Lloyd wrote: ↑
Sat Dec 21, 2019 8:03 am
I believe the Thunderbolts team, esp. Talbott, Cardona and Cochrane, were not able to concur with Velikovsky's revised chronology in Ages in Chaos nor with Velikovsky's claims that Venus caused the plagues at the time of the Exodus and of Joshua ca. 1400s BC, and that Mars caused cataclysms ca 700 BC. Most catastrophist scholars seem to agree that cataclysms occurred earlier, about 2300 BC.
As Egyptology is not an area of specialisation for me, I won't comment too much further here until I've actually read more on the specific criticisms of Velikovsky's evidences. But I did find his arguments rather persuasive in demonstrating that both the Ugaritic Ras Shamra texts and the El Armarna letters are contemporaneous, 10th-8th century documents, and do not pertain to the 14th century, Moses or the pharaoh of the Exodus at all. I am aware that some of Velikovsky's cuneiform methodology was heavily rebutted by Abraham Sachs but do not know the details of the argumentation.
I also have reason to understand that, after Velikovsky's passing in 1979, Ginenthal, Rose, Sweeny and Heinsohn revised the Egyptian chronology even further than Velikovsky did. I have not read any of those works yet so I cannot comment further. So while the Thunderbolts community specifically may have rejected Velikovsky's revision, other scholars building on Velikovsky's work actually took it further, rightly or wrongly.
My point is that Chandler wants to use Atenism as the precipitating force for Mosaic monotheism. But if Mosaic monotheism preceeded Atenism by 400 years, as per some of the stronger lines of argument presented in Ages in Chaos
, then Atenism simply cannot be its cause. What comes after cannot cause what came prior.
Of course I utterly reject Atenistic derivation of Judaism solely on the basis that Judaism's monotheism is derived from their familial relationship to their biological patriarchs, Abraham, Isaac and Jacob and the twelve tribes, predating Atenism by 400 years even if one allows a 14th century date for it. According to Moses, Abraham received his monotheistic call by direct revelation from the same God, YHWH, whom Moses identifies as Creator of the universe (Genesis 12:1-4 cf. Gen 2:4). Acts 7:2-4 reveals that Abraham was called whilst he was living in Ur, Mesopotamia (compare Genesis 11:31). This call he partially obeyed at the age of 75 as recorded in Genesis 12:1-4, but it is not until he fully obeyed by departing from all his family (Lot went with him at first from Haran) that YHWH both grants Abraham the land of the Canaanites (Genesis 13:14-18; 15:1-21), in addition to the monotheistic covenant with Abraham and his descendants after him, sealed in blood with the sign of circumcision (Genesis 17:1-17), especially verses 7-8:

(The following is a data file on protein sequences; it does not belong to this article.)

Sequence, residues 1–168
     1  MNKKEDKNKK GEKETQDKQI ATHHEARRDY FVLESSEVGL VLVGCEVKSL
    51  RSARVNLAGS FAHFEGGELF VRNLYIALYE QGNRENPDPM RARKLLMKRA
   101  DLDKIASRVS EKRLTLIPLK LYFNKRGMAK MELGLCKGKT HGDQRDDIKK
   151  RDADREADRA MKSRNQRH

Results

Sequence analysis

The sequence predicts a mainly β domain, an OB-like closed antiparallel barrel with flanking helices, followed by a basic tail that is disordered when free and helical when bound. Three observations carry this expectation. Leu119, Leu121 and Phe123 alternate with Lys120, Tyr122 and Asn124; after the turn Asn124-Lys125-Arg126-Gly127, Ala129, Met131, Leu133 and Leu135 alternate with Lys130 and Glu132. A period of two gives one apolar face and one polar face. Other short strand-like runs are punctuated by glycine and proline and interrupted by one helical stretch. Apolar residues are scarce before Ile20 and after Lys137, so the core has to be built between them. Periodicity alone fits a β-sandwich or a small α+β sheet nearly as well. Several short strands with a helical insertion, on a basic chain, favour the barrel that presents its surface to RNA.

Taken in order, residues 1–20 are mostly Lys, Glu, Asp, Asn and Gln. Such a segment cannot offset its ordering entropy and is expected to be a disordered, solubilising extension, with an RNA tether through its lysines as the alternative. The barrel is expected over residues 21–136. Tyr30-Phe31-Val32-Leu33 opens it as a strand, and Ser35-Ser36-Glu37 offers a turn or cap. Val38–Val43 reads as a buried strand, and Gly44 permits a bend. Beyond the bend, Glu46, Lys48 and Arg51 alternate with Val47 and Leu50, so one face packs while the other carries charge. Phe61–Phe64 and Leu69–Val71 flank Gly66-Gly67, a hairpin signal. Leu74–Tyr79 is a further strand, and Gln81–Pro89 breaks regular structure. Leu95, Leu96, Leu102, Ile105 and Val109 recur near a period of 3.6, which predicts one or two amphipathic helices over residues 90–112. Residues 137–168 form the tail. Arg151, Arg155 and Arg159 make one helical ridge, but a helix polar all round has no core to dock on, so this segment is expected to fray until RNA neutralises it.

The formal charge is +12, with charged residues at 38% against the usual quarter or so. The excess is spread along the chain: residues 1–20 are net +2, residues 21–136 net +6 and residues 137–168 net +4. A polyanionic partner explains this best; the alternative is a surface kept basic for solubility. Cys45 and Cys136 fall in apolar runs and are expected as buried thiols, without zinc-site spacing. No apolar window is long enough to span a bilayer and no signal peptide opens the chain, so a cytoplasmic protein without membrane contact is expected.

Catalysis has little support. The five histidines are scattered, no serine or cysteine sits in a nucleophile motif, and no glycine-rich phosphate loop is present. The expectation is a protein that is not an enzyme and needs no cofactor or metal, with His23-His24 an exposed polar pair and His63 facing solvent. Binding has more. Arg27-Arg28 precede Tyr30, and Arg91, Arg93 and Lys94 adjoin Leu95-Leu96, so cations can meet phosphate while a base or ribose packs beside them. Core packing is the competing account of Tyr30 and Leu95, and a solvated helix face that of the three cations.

- "I will establish my covenant between me and you and your offspring after you throughout their generations for an everlasting covenant, to be God to you and to your offspring after you. And I will give to you and to your offspring after you the land of your sojournings, all the land of Canaan, for an everlasting possession, and I will be their God."
To suggest that Moses adopted Egyptian
monotheism contradicts what Moses himself wrote and confirmed for the children of Israel: YHWH is the God of their biological ancestors: the God of Abraham, Isaac, Jacob (Israel) and the 12 patriarchs (Exodus 3:15-16; Deuteronomy 1:11, 21; 4:1; 6:3; 9:5; 12:1; 27:3; 30:9, 20; see also Joshua 18:3, 24:2; 1 Kings 8:53; 1 Chronicles 29:18-20; 2 Chronicles 20:6; 30:7; Jeremiah 34:13 amongst others). According to Moses, YHWH judged
the gods of Egypt (Exodus 12:12). YHWH also judged the Hebrews for following the gods of Egypt (Exodus 32). According to Moses, there is only one Hebrew-Israelite race descended from Abraham, not two distinct ones as Chandler falsely claims. According to Moses and later Biblical authors, YHWH is not some new invention of a later time, age or nation patched in to an existing culture. Worship of YHWH is the distinctive feature of Abraham, Isaac, Jacob and their descendants, and the Torah records YHWH's constant interventions to ensure that remains so, especially when they turn away from him to worship other gods.